The first faire where Phoenix Swords performed under its own name was very difficult for us.  It’s difficult for any group but having active detractors is especially difficult when someone is starting out.  Renfaires should not be a repeat of middle-school politics, but sometimes they are and it’s hard not to get caught up in these things.

But if you are having one of those days here are some things that will help you through

You are worthy. You could tell the worst jokes, be the most clumsy juggler or a mediocre singer. If you bring a smile to someone’s face and work at it-you are a performer. You aren’t perfect (none of us are) but if anyone discourages you on the basis of personal dislike, being  a douchecanoe or they are having a bad day-forget them. Few things are more ironic than being good enough to perform for someone else but when you turn them down then suddenly you are terrible? That’s not about you.

Kindness comes in unexpected places. When I was essentially hunted down and accused of doing something completely false, it fortunately happened near a booth of kind people. I’ll never know if the vendor knew I was being stalked or simply saw the look on my face but he called me over and talked to me about some scarves. I didn’t have a lot of money, but the gentleman who talked about the scarf in question made such a great case for its suitability that I bought it. To this day I keep it in/tied to  my costume bag. His son has gone on to be a well-known performer (he was starting and struggling too!) and this kind man has since passed.  Sometimes you are the person who needs a kind word and sometimes you need to be the person with a kind word. I make it a point to *always* give feedback to people and tell them how much I enjoyed their act/item/personhood.  It’s easy to be mean, far better to be kind.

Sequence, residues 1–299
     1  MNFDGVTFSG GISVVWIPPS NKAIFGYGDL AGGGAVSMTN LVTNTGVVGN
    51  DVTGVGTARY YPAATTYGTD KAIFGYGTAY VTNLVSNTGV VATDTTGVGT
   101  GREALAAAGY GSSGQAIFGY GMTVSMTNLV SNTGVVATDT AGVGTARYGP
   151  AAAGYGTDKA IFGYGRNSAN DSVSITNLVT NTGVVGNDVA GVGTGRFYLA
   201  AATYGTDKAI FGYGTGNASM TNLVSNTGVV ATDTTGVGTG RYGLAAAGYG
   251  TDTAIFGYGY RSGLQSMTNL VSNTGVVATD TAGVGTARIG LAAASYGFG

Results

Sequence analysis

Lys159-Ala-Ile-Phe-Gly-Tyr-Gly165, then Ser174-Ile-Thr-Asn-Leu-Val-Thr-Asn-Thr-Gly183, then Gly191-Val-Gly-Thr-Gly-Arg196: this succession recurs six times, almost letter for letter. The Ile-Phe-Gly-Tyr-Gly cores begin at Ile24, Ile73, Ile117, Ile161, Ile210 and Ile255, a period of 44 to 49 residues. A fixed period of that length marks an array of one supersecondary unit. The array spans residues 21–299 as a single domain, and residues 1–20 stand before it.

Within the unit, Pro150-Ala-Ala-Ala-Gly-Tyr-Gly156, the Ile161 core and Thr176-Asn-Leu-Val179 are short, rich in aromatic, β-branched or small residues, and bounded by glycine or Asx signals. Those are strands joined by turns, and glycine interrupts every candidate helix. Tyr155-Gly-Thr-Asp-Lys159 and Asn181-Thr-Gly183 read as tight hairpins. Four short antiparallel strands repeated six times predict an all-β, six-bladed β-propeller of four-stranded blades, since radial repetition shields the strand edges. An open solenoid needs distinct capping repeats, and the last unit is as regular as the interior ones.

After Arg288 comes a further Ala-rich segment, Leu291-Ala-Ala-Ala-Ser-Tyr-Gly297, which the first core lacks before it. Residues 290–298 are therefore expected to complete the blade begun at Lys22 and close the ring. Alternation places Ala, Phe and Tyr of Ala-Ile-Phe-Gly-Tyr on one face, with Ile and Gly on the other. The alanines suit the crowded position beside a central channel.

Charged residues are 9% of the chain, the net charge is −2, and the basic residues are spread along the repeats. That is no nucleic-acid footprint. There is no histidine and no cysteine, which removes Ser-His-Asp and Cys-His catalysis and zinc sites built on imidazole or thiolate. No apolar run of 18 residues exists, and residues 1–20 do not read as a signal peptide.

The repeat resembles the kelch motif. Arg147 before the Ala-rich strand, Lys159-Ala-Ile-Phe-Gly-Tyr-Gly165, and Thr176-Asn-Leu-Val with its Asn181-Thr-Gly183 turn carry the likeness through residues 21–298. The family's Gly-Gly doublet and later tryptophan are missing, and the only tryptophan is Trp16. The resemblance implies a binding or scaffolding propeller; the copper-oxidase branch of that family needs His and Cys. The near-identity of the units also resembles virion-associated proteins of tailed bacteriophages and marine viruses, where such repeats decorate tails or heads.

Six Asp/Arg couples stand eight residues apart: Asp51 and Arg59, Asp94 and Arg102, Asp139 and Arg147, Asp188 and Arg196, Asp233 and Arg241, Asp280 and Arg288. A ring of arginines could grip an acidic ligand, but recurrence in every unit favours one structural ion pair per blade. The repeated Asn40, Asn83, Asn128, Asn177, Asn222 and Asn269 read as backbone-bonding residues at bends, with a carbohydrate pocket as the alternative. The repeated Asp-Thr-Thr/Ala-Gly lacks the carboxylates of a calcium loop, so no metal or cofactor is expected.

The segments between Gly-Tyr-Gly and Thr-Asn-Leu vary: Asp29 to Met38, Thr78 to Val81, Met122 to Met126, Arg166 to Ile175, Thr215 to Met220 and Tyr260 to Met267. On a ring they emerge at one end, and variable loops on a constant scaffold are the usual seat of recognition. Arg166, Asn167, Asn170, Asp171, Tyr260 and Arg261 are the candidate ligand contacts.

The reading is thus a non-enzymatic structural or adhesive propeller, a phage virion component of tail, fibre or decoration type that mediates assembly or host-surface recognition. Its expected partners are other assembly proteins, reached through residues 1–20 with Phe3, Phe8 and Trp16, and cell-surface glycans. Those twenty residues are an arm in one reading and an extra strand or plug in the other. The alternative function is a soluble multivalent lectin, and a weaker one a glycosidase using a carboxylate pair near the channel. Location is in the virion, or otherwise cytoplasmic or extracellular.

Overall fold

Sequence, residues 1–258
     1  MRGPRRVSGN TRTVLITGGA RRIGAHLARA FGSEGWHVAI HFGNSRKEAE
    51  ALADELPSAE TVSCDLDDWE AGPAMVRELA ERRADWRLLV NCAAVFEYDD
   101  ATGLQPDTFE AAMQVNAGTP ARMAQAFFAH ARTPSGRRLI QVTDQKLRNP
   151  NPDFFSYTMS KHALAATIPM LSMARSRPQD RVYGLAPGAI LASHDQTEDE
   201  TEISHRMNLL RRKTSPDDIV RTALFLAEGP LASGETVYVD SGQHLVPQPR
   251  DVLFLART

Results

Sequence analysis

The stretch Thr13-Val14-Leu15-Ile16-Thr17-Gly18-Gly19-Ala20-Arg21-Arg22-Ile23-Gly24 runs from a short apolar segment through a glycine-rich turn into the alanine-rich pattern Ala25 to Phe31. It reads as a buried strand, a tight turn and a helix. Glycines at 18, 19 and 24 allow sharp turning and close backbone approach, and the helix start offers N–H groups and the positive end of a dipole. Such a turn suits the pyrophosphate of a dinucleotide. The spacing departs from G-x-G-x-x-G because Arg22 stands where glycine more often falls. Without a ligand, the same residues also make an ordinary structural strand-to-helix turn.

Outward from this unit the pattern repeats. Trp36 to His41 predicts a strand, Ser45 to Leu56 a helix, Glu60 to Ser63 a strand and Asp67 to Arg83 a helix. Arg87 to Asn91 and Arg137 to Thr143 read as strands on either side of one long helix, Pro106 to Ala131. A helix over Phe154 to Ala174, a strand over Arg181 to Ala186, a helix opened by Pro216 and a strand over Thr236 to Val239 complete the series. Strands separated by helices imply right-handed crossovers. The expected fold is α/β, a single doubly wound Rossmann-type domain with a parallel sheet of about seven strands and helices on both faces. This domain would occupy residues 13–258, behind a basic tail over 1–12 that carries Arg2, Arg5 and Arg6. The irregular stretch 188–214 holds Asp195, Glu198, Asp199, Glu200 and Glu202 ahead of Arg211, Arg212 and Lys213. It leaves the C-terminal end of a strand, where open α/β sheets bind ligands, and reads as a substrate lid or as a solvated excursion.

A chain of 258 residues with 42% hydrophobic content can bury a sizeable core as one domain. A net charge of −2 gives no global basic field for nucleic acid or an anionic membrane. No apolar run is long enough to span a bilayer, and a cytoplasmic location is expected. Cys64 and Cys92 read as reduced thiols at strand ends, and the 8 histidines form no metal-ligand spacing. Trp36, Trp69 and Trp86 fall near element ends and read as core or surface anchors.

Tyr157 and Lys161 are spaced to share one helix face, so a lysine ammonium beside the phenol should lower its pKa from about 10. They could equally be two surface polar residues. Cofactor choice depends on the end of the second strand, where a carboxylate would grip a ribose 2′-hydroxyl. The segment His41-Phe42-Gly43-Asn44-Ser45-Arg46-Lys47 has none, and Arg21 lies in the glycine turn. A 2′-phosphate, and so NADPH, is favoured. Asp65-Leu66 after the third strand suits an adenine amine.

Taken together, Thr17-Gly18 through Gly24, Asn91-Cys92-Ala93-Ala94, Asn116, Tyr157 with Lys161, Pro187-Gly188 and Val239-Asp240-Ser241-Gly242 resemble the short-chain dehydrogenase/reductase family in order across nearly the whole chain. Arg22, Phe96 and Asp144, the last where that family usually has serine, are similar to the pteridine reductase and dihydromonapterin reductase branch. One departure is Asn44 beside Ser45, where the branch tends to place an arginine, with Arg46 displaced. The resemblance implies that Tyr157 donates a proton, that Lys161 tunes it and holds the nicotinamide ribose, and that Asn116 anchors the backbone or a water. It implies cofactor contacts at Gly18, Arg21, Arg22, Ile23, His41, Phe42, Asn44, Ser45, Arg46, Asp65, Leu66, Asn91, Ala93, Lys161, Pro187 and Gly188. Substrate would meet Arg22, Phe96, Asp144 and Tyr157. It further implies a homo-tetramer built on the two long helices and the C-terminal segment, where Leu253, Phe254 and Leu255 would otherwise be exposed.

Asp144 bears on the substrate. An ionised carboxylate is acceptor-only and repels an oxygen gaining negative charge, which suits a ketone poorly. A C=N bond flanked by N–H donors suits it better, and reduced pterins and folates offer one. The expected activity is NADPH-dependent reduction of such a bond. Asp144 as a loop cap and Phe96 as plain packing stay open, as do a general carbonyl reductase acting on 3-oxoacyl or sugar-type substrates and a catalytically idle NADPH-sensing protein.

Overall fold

Time can be your friend rather than your enemy. That was a rotten day for me, but like any day, it only lasts 24 hours and then it is a new day. And if you spend your time being busy, it keeps you out of trouble.   And avoidance is a wholly effective tactic as well. If you can time your appearances so that you are not alone or only working, it makes it hard for those who would confront you to not look like the bullies and lowlifes they are. Time also shows who people are, it may take a while.

Remember how it might look to others. Sadly, one of your jobs as a performer is to paste on a  smile despite any circumstance.  If I hear a vendor grousing publicly, chances are they have lost my sale. And if a performer is complaining about working, I have to wonder why they are there. (Exceptions are if they are *really amusing* about complaining) And sometimes you can’t fake it well, then it’s okay to hide, or acknowledge it or lose yourself in someone else’s stories but passing on that bad mood-not really an option. That part you have to suck up, even if you limp while you do it.

To finish,  everyone has bad days. I’ve had some bad days that still are as fresh as yesterday and I shake my head about how we ever made our way through it. But time marches on and today’s “how could I fall for that” will be tomorrow’s recognition of a bad situation and how to move past it.